Letter from Birdland | Say goodbye again | Family

We received the sad news last week that our bonus mom had passed away. Linda, or “Mom2” as we sometimes called her, became a big part of the family when she married our dad, even though her kids were all grown up when she came on the scene. Linda was committed and determined that we could be one big happy family, and her generous exuberance was a big part of healing the rent in the fabric of our home that came with my parents’ divorce.

She just didn’t see any sense in clinging to old grudges. Why waste even an ounce of life? It helped that she and my mother really loved each other.

Linda was an animal lover, and she and dad always had two or three dogs and a cat. She never came home without a bag of treats for Cullen and Ursula. She took it with good humor when Ursula snatched the bag from her hands and fled before she could even get out of her car. Linda was laughing and laughing at how this dog had once again outwitted her.

Dad and Linda have always made a point of attending all the games of their many grandchildren (probably all the nephews and nieces too). After dad died, Linda even went to North Dakota with my sister to watch my niece play softball. She also went to every graduation and birthday party. When our youngest, Ellis, was in middle school, she and dad hosted a collection of boys, Ellis, and some of his nephews almost every weekend. They would take the kids in the RV to Kickapoo or Lodge Park. His social networks are still full of memories of that time. She would post old photos of these youngsters whenever one of them had their birthday or if they happened to appear in her feed.

Before COVID-19, we got together about once a month for “old ladies’ night”. My sister or I would cook, and Mom, Linda and sometimes my sister’s mother-in-law would come to dinner – all the old ladies together. We had soup or pasta, laughing and joking all evening. We always intended to revive these parties when the gathering seemed safer, but we never succeeded. It is one of my great regrets.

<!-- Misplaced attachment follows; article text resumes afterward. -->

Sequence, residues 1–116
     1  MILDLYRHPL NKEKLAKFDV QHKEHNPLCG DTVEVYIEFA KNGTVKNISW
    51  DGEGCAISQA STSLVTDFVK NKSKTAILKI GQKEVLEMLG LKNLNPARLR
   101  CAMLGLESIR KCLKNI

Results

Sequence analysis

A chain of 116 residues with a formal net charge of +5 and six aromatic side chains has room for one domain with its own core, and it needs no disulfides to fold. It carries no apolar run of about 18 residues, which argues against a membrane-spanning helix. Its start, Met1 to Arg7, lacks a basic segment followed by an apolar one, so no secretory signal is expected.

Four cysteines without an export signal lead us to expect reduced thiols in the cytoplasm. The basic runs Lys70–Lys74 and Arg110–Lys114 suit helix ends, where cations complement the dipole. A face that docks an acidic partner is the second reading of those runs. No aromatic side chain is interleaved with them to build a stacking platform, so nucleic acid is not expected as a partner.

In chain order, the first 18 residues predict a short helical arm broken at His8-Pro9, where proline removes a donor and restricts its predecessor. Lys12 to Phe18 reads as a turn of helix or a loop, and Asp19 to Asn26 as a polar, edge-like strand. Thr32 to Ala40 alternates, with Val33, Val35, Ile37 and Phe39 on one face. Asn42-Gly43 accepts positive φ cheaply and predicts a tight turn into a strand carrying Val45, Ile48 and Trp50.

We knew we wouldn’t have Linda forever. She lived with a devastating disease – scleroderma – for many years. It’s a fairly rare autoimmune disease that can attack multiple organs, and for Linda it has affected her heart, lungs, skin and digestive system, causing pain and requiring various medical interventions. But that never affected his attitude.

She was so positive, about life, her outlook, the people in her world. She was always there to help someone, driving her little red car to Danville to faithfully visit her Uncle Melvin or Aunt Ginny, as long as they lived.

We could see things were tough for her, but she never let that get her down. I think she believed that if she stayed active and positive, she would live longer – and I think she was right.

Long before she died, maybe over ten years ago, my father told me that Linda had exceeded her life expectancy by 17 years. And then she survived him too. We knew she was very sick, but she made you forget about it, so even though we should have expected her to pass, it came as a shock.

I know she was alone without dad. Her social media was full of photos and stories of him, and she often talked about him. I think being with us helped her keep him close. I know she did this for us. In some ways, losing Linda is like losing dad all over again. But I will honor his memory by trying to be positive, trying to be helpful, keeping my sense of humor and letting people know how much I care for them.

When I searched for a photo of Linda to post, I found one smiling and waving at the camera. I think it was from the day her and dad got married at Kickapoo. How they like to have a wedding at the campsite. I like to think of her waving us across. I like to think of her passing to be with dad.

Cultivate beauty; cultivate peace; Be blessed.

Mary Lucille Hays lives in Birdland near White Heath. If you miss your weekly dose of Birdland Letters in the News Gazette, you can always read them weekly in the Piatt County Journal-Republican. Consider subscribing to support your small town newspaper. You can see photos from this week’s post on Instagram (@BirdlandLetters). Mary can be contacted at [email protected] or by mail in care of Journal-Republican, 118 E. Washington St., Monticello, IL 61856. She wants to thank her friends for writing and will get back to you soon.

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